Category Archives: Health Tips

It’s Time To Make Napping a Necessity

After too many days of going to bed too late and waking up too early, naps have become my favorite pastime. Believe it or not, they’ve conducted studies on naps and I deeply regret not being a part of the experiments! Thanks to said studies, here’s some tips from the experts about naps!

  • If it’s a weekday and you’re working, don’t take too long of a nap. The longer the nap, the more likely you are to wake up groggy. Grogginess can last up to 30 minutes so chances are you won’t be very productive. A nap as little as 10 or 20 minutes will leave you energetic, refreshed and mentally sharper. On weekends, try to keep naps at less than an hour so they don’t interfere with nighttime sleep.
  • Avoid nighttime naps. Researchers saying 1 to 4pm is when our body’s circadian rhythms make us more likely to be tired. A late nap is more likely to interfere with your ability to fall asleep at night and none of us enjoy waking up grumpy in the morning.
  • If you suffer from a sleeping disorder like insomnia or sleep apnea, don’t take naps—they will only make the disorder worse!
  • Don’t use napping as a substitute for getting a full night’s sleep!!!

That’s it for now—happy napping!

Source: Wall Street Journal

Best Snacks for Weight Loss

Bikini season is here and people all over the country are trying to stay on top of their game this summer. With healthy eating being so important, I’m here with a few snack ideas perfect if you’re trying to lose weight—check them out below!


Popcorn is full of fiber and has very few calories. Nutty, almost cheese-like flavored nutritional yeast is a great source of vitamin B12. Sprinkling the yeast in your popcorn burns stored fat and calories while helping boost your metabolism.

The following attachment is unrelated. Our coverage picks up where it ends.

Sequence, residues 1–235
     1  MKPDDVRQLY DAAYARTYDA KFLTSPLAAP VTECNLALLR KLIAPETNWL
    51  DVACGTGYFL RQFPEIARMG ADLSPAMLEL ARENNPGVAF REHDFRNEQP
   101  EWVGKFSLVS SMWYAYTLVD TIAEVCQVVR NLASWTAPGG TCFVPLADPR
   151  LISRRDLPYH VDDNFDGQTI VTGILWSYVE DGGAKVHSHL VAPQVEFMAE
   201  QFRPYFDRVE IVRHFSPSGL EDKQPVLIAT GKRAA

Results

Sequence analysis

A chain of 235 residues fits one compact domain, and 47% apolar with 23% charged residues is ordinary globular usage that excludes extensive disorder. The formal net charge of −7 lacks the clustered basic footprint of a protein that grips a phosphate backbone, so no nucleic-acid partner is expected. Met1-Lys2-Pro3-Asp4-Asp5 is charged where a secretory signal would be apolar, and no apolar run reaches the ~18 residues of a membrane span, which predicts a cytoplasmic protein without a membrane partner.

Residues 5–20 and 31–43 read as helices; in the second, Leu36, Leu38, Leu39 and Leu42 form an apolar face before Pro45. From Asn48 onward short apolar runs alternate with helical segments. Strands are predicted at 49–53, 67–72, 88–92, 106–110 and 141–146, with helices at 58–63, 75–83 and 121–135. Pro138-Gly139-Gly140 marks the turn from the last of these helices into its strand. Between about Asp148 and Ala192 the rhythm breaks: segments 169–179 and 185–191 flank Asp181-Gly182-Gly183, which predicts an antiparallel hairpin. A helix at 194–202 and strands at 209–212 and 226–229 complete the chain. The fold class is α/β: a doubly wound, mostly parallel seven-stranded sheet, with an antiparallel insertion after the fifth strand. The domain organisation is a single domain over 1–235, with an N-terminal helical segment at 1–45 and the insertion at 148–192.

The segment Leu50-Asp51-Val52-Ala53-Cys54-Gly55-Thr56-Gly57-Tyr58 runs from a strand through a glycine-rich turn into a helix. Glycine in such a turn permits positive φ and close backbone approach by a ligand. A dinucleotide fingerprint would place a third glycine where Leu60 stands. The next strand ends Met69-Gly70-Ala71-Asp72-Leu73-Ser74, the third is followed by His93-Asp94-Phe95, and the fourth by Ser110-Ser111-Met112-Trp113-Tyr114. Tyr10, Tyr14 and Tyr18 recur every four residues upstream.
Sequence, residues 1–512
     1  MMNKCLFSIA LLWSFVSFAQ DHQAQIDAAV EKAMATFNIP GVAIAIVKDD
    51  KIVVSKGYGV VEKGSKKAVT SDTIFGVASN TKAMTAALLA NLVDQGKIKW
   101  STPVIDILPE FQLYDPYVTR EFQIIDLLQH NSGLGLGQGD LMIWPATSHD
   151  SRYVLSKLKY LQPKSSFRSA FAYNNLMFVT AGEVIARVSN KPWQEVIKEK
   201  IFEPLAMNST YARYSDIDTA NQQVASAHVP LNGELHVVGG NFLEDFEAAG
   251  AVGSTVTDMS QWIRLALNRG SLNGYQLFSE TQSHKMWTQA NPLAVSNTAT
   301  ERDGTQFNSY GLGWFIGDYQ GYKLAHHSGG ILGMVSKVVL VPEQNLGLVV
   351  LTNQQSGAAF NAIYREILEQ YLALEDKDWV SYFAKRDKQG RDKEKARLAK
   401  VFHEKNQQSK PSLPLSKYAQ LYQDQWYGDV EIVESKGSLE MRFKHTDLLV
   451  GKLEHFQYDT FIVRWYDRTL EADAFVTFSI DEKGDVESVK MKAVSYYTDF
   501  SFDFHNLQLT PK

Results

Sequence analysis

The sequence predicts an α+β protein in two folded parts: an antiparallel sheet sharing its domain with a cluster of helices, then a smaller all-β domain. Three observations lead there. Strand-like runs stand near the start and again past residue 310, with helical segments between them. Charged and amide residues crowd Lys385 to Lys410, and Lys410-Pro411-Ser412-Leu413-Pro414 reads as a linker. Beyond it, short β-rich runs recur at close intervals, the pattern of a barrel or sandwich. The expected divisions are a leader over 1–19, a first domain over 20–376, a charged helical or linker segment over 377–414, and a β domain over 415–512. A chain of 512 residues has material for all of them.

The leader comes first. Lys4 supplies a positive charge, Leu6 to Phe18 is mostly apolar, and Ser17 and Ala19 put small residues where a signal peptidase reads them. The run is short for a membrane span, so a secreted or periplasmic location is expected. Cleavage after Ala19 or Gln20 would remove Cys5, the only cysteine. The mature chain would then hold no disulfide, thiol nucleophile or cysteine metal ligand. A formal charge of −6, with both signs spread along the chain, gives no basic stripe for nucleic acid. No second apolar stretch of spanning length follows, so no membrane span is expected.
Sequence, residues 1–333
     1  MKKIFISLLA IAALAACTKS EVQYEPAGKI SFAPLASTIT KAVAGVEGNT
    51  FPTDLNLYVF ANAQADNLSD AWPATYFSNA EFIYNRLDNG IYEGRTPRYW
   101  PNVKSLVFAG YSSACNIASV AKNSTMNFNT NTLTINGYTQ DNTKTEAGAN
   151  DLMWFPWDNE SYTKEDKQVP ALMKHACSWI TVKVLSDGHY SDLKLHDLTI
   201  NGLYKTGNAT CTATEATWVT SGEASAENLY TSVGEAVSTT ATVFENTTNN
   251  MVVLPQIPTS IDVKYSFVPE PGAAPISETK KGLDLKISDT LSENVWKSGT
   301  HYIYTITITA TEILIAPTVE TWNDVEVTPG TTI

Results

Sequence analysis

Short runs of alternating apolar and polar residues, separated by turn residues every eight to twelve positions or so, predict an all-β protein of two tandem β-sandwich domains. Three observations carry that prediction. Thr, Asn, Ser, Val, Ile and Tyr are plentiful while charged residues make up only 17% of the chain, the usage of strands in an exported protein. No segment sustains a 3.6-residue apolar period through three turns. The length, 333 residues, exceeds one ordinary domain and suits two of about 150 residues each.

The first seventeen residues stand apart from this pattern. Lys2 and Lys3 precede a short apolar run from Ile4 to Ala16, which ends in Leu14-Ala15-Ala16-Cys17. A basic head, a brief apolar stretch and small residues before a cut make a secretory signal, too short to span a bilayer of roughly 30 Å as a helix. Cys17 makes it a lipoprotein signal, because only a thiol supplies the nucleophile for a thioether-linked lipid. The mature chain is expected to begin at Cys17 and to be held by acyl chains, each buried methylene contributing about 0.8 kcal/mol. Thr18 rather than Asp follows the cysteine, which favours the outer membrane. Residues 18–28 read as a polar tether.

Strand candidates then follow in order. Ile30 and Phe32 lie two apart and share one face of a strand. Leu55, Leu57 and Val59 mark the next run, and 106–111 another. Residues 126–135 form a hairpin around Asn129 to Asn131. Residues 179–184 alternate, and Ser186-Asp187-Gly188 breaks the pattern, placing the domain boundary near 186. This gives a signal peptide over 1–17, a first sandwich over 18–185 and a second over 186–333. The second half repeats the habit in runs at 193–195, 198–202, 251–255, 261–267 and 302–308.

Melon with Balsamic Vinegar

A cup of watermelon is around 90% water and only has about 45 calories. Adding balsamic vinegar helps activate pepsin, a digestive enzyme that breaks protein down into amino acids.

Edamame with Sea Salt

Edamame is full of fiber, which slows digestion and helps you feel full, making it the magic ingredient while trying to lose weight. Sprinkle some sea salt on a cup on edamame for a snack with 8 grams of fiber and less than 200 calories!

Pomegranate Seeds and Pistachios

Fiber-filled pomegranate seeds will keep you satisfied while providing a major dose of vitamin C. Pistachios contain an amino acid known to help improve blood flow during exercise. Combine the two and you have a snack sending you right to the finish line!

Baked Zucchini Chips with Paprika and Sea Salt

Cut a zucchini into thin slices and toss in 1 tablespoon of olive oil, sea salt and pepper. Sprinkle with paprika and bake at 450°F for 25 to 30 minutes. The paprika will add flavor while boosting your metabolism, reducing your appetite and lowering your blood pressure.

Greek Yogurt-Dipped Berries

Greek yogurt is an excellent source of protein; it combines calcium and an amino acid known to help retain lean muscle mass and burn fat. Dipping berries into plain nonfat Greek yogurt and freezing them for a few hours before eating guarantees an antioxidant-rich afternoon snack!

Turkey and Avocado Roll-ups

Rolling a sliver of avocado in a slice of organic lean turkey breast provides a protein-rich snack with no carbs! The combination slows digestion and prevents future cravings. Looking for something more? Add mustard for metabolism-boosting power!


Which Sunscreen is Right for You?

UV radiation filtered out by SPF (sun protection factor)

  • SPF 15 filters out about 93% of UV radiation
  • SPF 30 filters out up to 97% of UV radiation
  • SPF 50 filters out up to 98% of UV radiation

For children’s skin: Spray sunscreens or tubes with colorful appearances are definitely easier to apply to children’s skin. But remember, spray sunscreens should be misted into the hands and then spread on the face. Don’t spray the sunscreen directly onto a child’s face. Quick tip—zinc oxide and titanium dioxide tend to be better tolerated by people with sensitive skin, babies and children.

For allergy-prone skin: Avoid products containing preservatives or fragrances, as well as those containing PABA or oxybenzone. Allergy prone patients should also avoid sunscreens containing alcohol.